Reproduction: Gender, Race and Power
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This program will offer an overview of human reproduction, paying particular attention to gender and race as vectors of power that affect how reproduction is discussed, legislated, and experienced in the United States. We will explore interrelated lines of inquiry using political economy, sociology, ethics, human biology, and public health texts. In other words, this program will not attempt to construct a systematic history, but will rather use a series of case studies to develop an intersectional analysis of reproduction as a phenomenon that cannot be separated from issues of race and gender.
The study of reproduction is, by its very nature, interdisciplinary. Students who are successful in this program will gain a foundation in reproductive physiology, basic genetics, and endocrinology, and they will apply their learning to specific issues such as the susceptibility of the reproductive body to societal influences and stress through epigenetics. Our examination of the biology of reproduction will include some lab work in microscopy and dissections, and students will demonstrate their learning through workshops, lab worksheets, and examinations.
Biology is also shaped by cultural norms. Accordingly, we will collectively dismantle the idea that women are defined as such by an innate reproductive capacity, and the syllabus will include texts that address the experiences of trans, intersex, and gender-nonconforming individuals. We will also discuss the ways in which contraception, abortion, forced sterilization, genetic testing, and other forms of reproductive control both reflect, and have been used to perpetuate, systemic racism. In all aspects of the program, students will be expected to engage in thoughtful and challenging conversations about how power and privilege operate on a variety of bodies, including our own.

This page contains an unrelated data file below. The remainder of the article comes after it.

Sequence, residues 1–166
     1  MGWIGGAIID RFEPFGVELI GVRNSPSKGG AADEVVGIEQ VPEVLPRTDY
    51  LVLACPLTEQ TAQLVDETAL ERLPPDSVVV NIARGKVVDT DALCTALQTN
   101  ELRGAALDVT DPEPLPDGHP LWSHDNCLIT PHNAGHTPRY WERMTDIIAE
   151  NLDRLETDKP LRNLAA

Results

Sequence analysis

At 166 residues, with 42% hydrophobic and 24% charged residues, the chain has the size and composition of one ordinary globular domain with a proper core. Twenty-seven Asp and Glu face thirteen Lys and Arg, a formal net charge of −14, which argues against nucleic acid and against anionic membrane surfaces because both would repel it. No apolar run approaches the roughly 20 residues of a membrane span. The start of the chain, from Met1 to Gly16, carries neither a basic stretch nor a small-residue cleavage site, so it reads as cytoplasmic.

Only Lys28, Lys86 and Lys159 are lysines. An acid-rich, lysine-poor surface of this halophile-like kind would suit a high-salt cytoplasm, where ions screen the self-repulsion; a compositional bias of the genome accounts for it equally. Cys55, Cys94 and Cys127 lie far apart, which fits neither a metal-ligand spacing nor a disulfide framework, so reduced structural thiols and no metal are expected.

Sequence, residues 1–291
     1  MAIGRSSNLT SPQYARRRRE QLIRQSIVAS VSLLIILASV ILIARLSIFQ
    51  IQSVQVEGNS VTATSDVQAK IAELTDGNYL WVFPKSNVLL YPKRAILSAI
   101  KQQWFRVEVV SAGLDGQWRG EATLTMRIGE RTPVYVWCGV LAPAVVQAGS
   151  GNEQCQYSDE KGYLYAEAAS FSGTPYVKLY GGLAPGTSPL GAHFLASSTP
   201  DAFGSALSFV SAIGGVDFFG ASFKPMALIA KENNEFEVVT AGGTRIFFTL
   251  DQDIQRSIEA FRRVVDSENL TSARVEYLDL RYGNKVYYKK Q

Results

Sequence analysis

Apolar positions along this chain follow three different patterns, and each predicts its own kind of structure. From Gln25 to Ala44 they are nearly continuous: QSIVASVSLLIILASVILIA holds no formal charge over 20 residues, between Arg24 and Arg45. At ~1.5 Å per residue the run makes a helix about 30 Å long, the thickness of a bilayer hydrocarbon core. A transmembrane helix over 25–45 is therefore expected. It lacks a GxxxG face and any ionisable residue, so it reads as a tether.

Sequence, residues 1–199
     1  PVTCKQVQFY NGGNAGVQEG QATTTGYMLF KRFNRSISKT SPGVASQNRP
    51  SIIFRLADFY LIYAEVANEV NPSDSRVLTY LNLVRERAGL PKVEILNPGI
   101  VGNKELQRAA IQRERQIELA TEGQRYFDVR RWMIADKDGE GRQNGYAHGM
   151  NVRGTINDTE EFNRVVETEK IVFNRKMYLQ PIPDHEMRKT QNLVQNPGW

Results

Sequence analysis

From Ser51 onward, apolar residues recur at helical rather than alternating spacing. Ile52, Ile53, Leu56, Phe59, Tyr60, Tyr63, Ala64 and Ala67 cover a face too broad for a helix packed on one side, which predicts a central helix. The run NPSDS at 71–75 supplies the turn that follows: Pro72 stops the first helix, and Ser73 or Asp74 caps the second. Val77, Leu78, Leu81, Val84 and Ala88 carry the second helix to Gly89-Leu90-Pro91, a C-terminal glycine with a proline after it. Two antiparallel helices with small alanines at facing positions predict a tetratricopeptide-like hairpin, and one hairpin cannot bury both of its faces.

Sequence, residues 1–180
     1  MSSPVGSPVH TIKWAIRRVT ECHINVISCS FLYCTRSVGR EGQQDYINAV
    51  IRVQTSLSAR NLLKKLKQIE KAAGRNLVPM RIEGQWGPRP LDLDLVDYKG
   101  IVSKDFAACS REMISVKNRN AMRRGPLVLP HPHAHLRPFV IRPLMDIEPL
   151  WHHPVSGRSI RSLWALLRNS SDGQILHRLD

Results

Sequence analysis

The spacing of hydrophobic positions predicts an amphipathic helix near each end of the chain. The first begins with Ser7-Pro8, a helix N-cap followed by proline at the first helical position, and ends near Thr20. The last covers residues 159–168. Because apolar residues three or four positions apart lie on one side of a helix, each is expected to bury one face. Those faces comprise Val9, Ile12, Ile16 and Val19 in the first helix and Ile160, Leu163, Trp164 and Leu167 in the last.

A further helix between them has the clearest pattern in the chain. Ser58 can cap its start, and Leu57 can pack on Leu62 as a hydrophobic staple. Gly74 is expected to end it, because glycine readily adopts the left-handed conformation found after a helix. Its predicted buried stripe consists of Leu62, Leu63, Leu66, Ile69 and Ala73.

Through both formal and informal assignments, this program will help students learn to listen and observe attentively, do close and critical reading with challenging texts, contribute clear and well-developed writing, make relevant contributions to seminar discussions, and acquire and demonstrate physiologic reasoning skills. In our pursuit of diverse perspectives and approaches, we will welcome a variety of health care providers as guest speakers and we'll engage a variety of personal narratives through films and seminar readings. The reading list will include authors such as Dorothy Roberts, Loretta Ross, Rickie Solinger, and Michel Foucault . In order to foster critical engagement with these and other texts, students will be asked to complete weekly papers as well as integrative essays and in-class reflective writing assignments. In the second quarter of the program, students will be given the opportunity to design and execute a self-directed independent research project.
This program is designed for lower division students and will cover all topics at the introductory level, but we will provide additional structure and challenge for students who have some prior experience with this material.
Greener Foundations: This program will incorporate Greener Foundations, a holistic course designed for first-time, first-year students. Faculty and staff collaborate to bring study skills, academic planning, health and wellness education, advising, and more into the classroom. More information can be found on the college website at Greener Foundations .
This offering will prepare you for careers and advanced study in:
health professions; social work; activism; graduate school in the humanities, sociology, gender studies, and political change
Class Size: 40
50% Reserved for Freshmen
Scheduled for: Day
Located in: Olympia